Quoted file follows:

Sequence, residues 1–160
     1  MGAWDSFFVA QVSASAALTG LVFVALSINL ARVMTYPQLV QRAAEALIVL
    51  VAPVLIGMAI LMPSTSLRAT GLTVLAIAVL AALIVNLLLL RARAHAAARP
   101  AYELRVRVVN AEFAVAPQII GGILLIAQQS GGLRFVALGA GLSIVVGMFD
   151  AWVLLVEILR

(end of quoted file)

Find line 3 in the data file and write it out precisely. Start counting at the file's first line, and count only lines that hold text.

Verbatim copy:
    51  VAPVLIGMAI LMPSTSLRAT GLTVLAIAVL AALIVNLLLL RARAHAAARP